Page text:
Hope and gratitude

Photographer unknown

Perhaps you’ve seen this image.  Perhaps you know that when Hurricane Sandy raged and tidal surges left the coast of New York and New Jersey (and much of the East Coast of the United States) battered and damaged, there was a fire tearing through a neighborhood of Queens, New York.  The fire department, hampered by the flooding, was unable to cope and as a result, numerous homes were destroyed.  Here, left among the rubble, is a statue of the Blessed Mother…

… which reminds me of one of my own favorite images, taken in the days following Hurricane Katrina in a town called Pass Christian.  I was privileged to tour the area and to photograph the damage – see photos here.

rey spadoniThis photograph, though perhaps nothing special artistically, is one I’m fond of because of the story behind it.

After Katrina’s surge left homes destroyed all along the Gulf Coast, some one thousand or so yards inland, a few passersby noticed this statue of Mary, lying face down in a pile of rubble.  Though they were not Catholics, they felt as though this statue needed to be placed elsewhere, in a spot with more dignity, more honor.  They recalled that St. Paul’s Catholic Church, itself profoundly damaged, was just a few miles away, so they carefully placed it in front of the main entrance there… a beautiful statue marking the doorway to a former church building.

Symbols of hope.  Both statues mark the hope that can remain within the ruins.

Here in the United States, we mark this day as one of thanksgiving.  It is a chance to express our gratitude for all that we have.  For some, that expression is filled with appreciation for love, for good health, for ample opportunity, for possessions.  For others, it is sometimes about hope.

To all of our readers, Ed and I would like to express our gratitude for your visits to our blog, your comments and your fellowship.  Happy Thanksgiving to you!

Finally, a quick word from me about my posting over the next few weeks.  You may have noticed that Ed and I alternate our posts, every other day during the week.  Occasionally, we’ll add a “weekend inspiration” as well.  Because I’ll be on the road and some 10,000+ miles away, I’m not sure when I’ll be able to check in, though my intention is certainly to do so.  The 18 hour time distance and likely absence of reliable internet connectivity will leave me with possibly sporadic posts.  If I’m able, I’ll let you know how it’s going (and will certainly toss in a few images of the South Island of New Zealand).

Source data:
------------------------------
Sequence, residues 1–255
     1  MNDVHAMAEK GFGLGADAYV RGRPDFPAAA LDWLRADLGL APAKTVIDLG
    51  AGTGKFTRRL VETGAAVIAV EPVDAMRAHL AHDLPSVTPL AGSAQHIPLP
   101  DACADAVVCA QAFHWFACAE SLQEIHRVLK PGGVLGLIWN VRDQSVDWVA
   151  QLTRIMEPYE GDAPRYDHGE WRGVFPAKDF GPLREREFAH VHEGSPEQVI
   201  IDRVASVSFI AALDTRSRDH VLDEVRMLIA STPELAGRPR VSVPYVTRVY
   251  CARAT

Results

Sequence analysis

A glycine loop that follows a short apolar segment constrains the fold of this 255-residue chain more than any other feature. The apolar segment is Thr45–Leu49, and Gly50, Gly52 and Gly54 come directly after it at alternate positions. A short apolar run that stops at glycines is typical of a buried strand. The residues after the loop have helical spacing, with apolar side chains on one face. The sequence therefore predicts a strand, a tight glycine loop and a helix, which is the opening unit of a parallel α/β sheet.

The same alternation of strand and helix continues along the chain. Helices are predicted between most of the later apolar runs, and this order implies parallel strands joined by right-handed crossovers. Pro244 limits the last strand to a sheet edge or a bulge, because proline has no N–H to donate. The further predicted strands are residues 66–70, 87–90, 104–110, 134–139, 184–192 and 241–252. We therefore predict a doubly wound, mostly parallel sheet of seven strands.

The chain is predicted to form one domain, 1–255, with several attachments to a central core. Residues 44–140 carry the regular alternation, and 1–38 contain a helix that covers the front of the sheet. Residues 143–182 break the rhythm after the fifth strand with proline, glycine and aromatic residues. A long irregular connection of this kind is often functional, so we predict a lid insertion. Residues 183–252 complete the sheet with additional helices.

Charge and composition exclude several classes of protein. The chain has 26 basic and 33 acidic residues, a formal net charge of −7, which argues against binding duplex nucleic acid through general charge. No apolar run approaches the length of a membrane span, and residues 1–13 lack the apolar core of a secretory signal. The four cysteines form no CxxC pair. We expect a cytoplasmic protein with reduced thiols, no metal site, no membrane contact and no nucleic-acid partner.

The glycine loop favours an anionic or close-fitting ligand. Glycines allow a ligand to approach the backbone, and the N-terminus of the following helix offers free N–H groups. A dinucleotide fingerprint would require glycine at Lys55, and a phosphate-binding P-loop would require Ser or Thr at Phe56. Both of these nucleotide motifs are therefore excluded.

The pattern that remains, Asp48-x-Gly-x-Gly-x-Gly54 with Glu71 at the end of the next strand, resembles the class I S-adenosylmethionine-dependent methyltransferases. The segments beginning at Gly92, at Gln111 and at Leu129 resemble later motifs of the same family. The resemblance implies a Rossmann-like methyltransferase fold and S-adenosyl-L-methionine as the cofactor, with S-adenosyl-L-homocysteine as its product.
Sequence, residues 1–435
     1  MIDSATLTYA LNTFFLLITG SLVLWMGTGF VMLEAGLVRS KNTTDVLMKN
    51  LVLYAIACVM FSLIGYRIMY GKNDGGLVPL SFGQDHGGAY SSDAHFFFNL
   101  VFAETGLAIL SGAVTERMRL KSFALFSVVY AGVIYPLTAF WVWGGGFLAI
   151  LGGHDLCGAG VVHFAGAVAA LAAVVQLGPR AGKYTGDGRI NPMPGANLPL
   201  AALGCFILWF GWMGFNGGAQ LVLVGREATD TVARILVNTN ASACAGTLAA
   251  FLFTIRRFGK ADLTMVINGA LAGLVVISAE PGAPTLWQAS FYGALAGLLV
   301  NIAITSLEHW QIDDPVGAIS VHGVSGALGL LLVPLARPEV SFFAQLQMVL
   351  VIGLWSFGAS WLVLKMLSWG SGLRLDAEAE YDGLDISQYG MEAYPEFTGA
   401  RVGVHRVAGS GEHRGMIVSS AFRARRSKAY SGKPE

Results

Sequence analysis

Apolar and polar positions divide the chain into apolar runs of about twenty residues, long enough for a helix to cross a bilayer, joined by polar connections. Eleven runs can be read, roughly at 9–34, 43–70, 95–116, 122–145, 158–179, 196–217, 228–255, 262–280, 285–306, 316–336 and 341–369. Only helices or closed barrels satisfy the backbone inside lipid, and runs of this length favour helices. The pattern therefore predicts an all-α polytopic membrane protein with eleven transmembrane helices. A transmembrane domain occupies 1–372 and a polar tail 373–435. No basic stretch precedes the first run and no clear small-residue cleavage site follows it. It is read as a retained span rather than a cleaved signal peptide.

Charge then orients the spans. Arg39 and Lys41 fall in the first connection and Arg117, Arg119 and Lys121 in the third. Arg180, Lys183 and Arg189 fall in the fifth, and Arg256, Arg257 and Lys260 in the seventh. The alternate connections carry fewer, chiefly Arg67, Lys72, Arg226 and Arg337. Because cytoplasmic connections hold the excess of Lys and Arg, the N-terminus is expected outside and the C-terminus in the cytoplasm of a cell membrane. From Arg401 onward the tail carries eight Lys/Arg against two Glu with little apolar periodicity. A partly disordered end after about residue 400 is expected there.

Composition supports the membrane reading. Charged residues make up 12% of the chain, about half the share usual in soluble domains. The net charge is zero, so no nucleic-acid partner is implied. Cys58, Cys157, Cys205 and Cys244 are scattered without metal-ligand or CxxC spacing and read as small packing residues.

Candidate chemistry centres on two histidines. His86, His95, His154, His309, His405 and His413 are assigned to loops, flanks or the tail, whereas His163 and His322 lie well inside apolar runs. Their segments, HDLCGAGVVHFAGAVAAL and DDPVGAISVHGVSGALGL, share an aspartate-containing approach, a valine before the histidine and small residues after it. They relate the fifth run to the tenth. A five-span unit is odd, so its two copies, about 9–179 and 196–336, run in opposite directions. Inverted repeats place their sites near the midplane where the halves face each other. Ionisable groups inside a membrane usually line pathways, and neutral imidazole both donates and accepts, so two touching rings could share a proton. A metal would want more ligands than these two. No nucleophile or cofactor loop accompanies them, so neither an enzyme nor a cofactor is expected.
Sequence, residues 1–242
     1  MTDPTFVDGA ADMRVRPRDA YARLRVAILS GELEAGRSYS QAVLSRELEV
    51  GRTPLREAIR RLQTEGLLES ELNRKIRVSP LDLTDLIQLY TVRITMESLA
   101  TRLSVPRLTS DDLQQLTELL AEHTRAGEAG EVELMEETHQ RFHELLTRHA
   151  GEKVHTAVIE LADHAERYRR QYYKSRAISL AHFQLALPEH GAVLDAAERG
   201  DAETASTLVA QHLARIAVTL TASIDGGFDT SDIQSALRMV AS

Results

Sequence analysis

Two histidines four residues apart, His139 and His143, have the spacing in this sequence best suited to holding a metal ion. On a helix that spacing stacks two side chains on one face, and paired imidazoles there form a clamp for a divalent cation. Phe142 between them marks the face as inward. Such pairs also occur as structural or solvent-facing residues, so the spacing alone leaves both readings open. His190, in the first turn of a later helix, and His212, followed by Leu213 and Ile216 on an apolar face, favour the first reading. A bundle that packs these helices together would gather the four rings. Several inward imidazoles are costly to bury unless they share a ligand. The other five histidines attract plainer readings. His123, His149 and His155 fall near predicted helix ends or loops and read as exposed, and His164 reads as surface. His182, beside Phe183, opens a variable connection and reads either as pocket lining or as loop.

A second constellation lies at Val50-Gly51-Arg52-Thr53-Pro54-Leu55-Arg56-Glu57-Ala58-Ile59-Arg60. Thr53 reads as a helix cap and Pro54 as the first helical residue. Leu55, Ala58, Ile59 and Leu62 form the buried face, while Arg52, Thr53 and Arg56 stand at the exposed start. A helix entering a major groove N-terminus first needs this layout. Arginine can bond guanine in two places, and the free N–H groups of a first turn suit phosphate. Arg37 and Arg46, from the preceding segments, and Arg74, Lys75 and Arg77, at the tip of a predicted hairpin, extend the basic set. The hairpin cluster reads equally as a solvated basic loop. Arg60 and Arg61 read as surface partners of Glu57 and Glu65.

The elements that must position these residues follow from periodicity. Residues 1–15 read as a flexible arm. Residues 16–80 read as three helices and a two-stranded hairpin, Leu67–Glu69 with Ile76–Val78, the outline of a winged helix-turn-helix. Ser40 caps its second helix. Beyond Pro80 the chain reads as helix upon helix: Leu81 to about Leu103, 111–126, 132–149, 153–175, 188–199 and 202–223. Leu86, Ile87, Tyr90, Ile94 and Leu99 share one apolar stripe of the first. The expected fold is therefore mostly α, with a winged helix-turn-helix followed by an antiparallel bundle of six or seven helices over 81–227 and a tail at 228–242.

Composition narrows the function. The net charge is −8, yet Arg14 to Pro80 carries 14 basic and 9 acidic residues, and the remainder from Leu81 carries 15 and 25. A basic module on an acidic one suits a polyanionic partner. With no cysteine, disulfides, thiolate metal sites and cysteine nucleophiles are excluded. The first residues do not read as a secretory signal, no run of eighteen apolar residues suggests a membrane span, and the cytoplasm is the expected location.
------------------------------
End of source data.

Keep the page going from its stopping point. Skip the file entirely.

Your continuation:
Thanks,

Rey

P.S.  A few days ago, I wrote that I was trying to decide which camera kit to bring to New Zealand, striving to hit the right balance between features, image quality, size/weight considerations, and durability.  The answer?  Survey says… Nikon D7000.  Ah, the old standby.

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4 Responses to Hope and gratitude

  1. Donna McCommon says:

    Rey,
    These photos are amazing. Since I was in the path of Katrina, those photos told the story of the storm. It’s amazing the items that remained. It speaks a loud message.
    Have a wonderful time on your journey and I’m sure we will enjoy the wonderful photos you captures.
    Happy Thanksgiving to you, Ed and your families.
    Donna

    • Rey says:

      Thank you, Donna.

      I was indeed struck by how the path of Katrina was seemingly indiscriminate. I stood where a fast food restaurant once did and all was gone except for the foundation, a few scattered chairs and a table, all not bolted to the floor, there… just as they once were, looking undisturbed. Strange.

      Happy Thanksgiving and thank you!

      Rey

    • Ed Spadoni says:

      Thank you Donna, I hope your day is the best. Ed

  2. Clanmother says:

    A wonderful tribute to Thanksgiving – symbols of hope. We Canadians celebrate our Thanksgiving in October, but we always like to share another Thanksgiving with our American cousins. One of my favourite quotes about thanksgiving is by Victor Hugo: “To give thanks in solitude is enough. Thanksgiving has wings and goes where it must go. Your prayer knows much more about it than you do. “

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